“[Biking] can be transportation but it also can be a form of play. If we can keep a hold of that experience that kids have, I think it makes the bike more compelling because you don’t see it as a drag to hop on the bike. It’s something we do because we like it.” - Ben Wyse
Wyse Cycles is an expression of what Ben believes it means to live out the teachings of Jesus. He acts on his beliefs by holding up a different idea of how we can exist. In his eyes, the bike can help us toward a society of wholeness that takes pacifism, creation care, community, and our global neighbors seriously.
"The bicycle is a symbol of something that's really different, it’s powerfully different . . . it is hard to separate what I deeply believe and what I am trying to do in my business." – Ben Wyse
Kyle Lawrence is the current executive director of the Shenandoah Valley Bicycle Coalition (SVBC). Although his position is relatively new (since August 2018), Kyle has been a part of SVBC and doing bicycle advocacy for quite some time. His advocacy is largely bolstered by how human-scale transportation improves communities.
"We really think of the bicycle as a tool to build better communities. It’s one way to make stronger, more connected, healthier and happier places.”
– Kyle Lawrence
The coalition has been working at making Harrisonburg a more bike and pedestrian friendly town. They do this through programs such as Bicycles for Refugees and recommending transportation policy and construction changes to the City Council.
"The reason we don’t have more people in our coalition and community using bikes for transportation is because of the way our cities and streets have been designed. So, a lot of our work is focused on redesigning and retrofitting our streets and our physical space so that people feel safe and comfortable and will get on a bike.” – Kyle Lawrence
Kyle is a strong believer that, if Harrisonburg continues making biking and walking safer and more accessible, it will become a physically and socially healthier place to live.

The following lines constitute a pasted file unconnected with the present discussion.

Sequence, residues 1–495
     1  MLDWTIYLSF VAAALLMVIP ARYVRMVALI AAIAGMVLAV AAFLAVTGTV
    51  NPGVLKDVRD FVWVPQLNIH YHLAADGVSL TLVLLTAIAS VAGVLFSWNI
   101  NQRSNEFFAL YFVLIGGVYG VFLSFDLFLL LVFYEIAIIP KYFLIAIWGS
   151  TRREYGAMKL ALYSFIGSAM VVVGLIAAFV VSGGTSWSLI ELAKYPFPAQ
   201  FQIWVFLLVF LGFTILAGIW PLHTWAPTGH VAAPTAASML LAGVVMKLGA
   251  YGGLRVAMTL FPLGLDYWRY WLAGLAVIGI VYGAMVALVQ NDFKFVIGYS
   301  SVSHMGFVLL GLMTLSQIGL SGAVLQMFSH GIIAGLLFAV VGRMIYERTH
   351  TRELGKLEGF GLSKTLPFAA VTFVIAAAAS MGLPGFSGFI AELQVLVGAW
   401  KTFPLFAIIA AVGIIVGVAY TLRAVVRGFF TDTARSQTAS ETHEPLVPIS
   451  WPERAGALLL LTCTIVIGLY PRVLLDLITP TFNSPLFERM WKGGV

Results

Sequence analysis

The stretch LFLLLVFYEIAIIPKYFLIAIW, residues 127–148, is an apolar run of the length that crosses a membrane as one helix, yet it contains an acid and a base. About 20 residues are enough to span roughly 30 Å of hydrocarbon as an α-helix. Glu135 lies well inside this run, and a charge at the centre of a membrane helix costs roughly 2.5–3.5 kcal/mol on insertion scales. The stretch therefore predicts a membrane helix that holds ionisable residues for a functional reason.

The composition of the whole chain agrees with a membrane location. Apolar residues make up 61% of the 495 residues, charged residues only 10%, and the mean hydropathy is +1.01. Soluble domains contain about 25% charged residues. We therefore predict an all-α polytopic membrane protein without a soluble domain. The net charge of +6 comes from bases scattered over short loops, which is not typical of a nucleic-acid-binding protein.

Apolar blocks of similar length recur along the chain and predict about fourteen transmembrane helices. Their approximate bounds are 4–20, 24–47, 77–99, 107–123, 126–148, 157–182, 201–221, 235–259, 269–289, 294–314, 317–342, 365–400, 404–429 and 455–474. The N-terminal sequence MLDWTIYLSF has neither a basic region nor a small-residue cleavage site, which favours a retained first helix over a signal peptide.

Alternatives: The Friendly City Pedicab
Matt Hassman believes he has had many great ideas, but never acted on them. However, in April 2018, one of Matt's ideas came to fruition. He started The Friendly City Pedicab, a transportation service powered by an electric-assist tricycle. Starting this business was something that aligned with Matt's social urges as well as his passions for biking, community, and sustainability. One of Matt's intentions for the pedicab is to encourage active transportation and make it more accessible for those who do not want to participate in it at all.
There are many things that Matt likes about his business. The first is that it is a large bicycle presence on the Harrisonburg roadways. He thinks that seeing a bike function in this way helps legitimize biking in people’s minds. It also can serve as inspiration: “If he can be out there driving three or four people on a bike then I certainly can transport just myself with one.” He also likes the work because its social dimensions.
“It’s an opportunity to engage people. I get to meet all kinds of people from our community . . . people that are way outside of my friend group. So I feel like I have a pulse on what the vibe is in Harrisonburg on any given day.”- Matt Hassman
Since April, he has hired several drivers and purchased an additional pedicab. Despite the current challenges of the Friendly City Pedicab's first winter season, Matt has stayed positive and creative in preserving the appeal of his service. The pedicabs now have blankets and heated seats so that customers can stay warm. Matt said that he is willing to experience some discomfort to provide the service in the cold.
"I am okay with it because, for some people, living in that discomfort is their everyday." - Matt Hassman
Matt has high hopes for his business. He would like to continue expanding the pedicab fleet and engineering new ways to make the riding more fun. His hope is to grow the business organically, adding one cab at a time based on demand.